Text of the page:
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Miniature Schnauzer

Page history last edited by nicoles 1 year, 10 months ago

Dog Breeds

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Description: The Miniature Schnauzer is a small, sturdily built dog. The body is square and in proportion. The strong head is rectangular in shape. The width of the head gets slightly smaller from the ears to the eyes. The muzzle is strong and ends rather bluntly. The deep-set, small eyes are dark brown in color. Ears set high on the head are often cropped to a point. When the ears are left natural they are small and V-shaped, folding close to the head. The front legs are straight. The docked tail is set high and carried erect. The tail is cropped just long enough so that it can be seen over the backline of the dog. Note: it is illegal to crop or dock a dog’s ears or tail in most parts of Europe. The Mini Schnauzer has a double coat. The outer coat is wiry and the undercoat is soft. The coat is clipped so it has a bushy beard, mustache and eyebrows. Coat colors include black, white, salt and pepper, and black and silver.The Miniature Schnauzer is an intelligent, loving, happy dog. It is energetic, playful, gets along well with children and likes to be with its people. Affectionate, keen, devoted and docile. Life expectancy of about 15 years

Height: 12 - 14 inches

Weight: 10 - 15 pounds 




The Miniature Schnauzer descends from the slightly larger Standard Schnauzer and is believed to also include Affenpinscher and Poodle in its ancestry. Some authors speculate that Miniature Pinschers, Wire Fox Terriers and Zwergspitz may also have contributed to the mix. In 1888, the first Mini Schnauzer was recorded in a German stud book. The breed first appeared at a dog show in 1899. Miniature Schnauzers have been bred in North America since roughly 1924 and have steadily gained in popularity.Georg Riehl and Heinrich Schott, both fanciers of Schnauzers and Affenpinschers, are credited with miniaturizing the Schnauzer by cross-breeding and line-breeding the smallest puppies in Schnauzer litters. The Wirehaired Pinscher Club of America was formed in 1925, covering both Miniature and Standard Schnauzers. The breed was moved to the Terrier Group and renamed “Schnauzer” in 1926. In 1927, the breed was split into two varieties: the Miniature Schnauzer and the Standard Schnauzer. In 1933, the Schnauzer Club of America was divided into the Standard Schnauzer Club of America and the American Miniature Schnauzer Club, with both breeds competing in the AKC Terrier Group. The Standard Schnauzer was moved to the Working Group in 1945.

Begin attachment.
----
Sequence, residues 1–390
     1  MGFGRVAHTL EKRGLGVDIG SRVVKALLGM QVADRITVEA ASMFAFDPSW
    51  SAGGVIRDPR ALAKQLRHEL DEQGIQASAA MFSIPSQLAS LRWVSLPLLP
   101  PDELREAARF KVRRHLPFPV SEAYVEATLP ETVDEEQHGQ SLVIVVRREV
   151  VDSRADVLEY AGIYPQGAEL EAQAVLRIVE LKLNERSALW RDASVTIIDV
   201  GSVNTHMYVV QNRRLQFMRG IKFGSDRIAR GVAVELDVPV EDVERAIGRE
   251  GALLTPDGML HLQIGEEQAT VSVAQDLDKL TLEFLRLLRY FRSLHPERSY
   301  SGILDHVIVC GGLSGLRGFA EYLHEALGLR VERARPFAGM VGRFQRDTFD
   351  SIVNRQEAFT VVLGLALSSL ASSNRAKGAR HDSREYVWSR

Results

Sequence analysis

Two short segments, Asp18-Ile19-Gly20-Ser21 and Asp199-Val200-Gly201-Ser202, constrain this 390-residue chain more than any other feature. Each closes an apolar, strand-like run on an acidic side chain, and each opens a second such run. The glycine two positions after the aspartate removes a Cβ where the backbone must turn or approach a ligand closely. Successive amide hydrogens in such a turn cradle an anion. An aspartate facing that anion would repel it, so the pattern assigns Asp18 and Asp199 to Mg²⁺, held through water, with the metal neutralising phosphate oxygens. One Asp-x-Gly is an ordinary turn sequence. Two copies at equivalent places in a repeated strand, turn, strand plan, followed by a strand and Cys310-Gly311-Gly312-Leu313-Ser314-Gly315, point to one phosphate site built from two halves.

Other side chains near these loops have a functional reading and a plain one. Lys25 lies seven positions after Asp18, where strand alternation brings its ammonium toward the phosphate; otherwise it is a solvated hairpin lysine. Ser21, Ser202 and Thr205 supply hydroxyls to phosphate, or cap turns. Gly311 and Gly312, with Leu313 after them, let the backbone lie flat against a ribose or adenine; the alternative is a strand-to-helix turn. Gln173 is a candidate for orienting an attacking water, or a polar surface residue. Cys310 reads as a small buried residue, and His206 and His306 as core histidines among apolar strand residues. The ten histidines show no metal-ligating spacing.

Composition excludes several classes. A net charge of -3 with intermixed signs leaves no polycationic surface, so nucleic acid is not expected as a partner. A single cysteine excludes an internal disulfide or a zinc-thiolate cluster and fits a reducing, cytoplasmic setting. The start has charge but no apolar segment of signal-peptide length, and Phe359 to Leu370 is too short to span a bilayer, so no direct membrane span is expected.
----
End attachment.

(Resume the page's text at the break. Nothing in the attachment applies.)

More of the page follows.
Interesting Facts: 

  • The thick whiskers on a Schnauzer's snout actually had an important function. When they matted together, they protected the Schnauzer from being bitten by the vermin they hunted on farms.
  •  Standard Schnauzers proved to be quite useful during the first World War. The German army used them as guard dogs, and the Red Cross used them as dispatch carriers.
  •  The Standard Schnauzer first began appearing in the United States in the early 1900s. They either came with German immigrant families, or with Americans who had traveled to Germany and wanted to bring a Schnauzer home.
  •  This breed is known for being an outstanding companion who's completely devoted to their family members. They're not necessarily “one person dogs,” instead they appreciate all of the members of their “pack.” The Standard Schnauzer is particularly good with children, as they're extremely playful, yet tolerant. They also make for awesome watch dogs, ready to alert anyone of an intruder who might threaten their home or family. 



They are apart of the terrier group. 










Comments (1)

nicoles said

at 12:35 pm on Apr 19, 2018

Where is it illegal to crop or dock a dog’s ears or tail?

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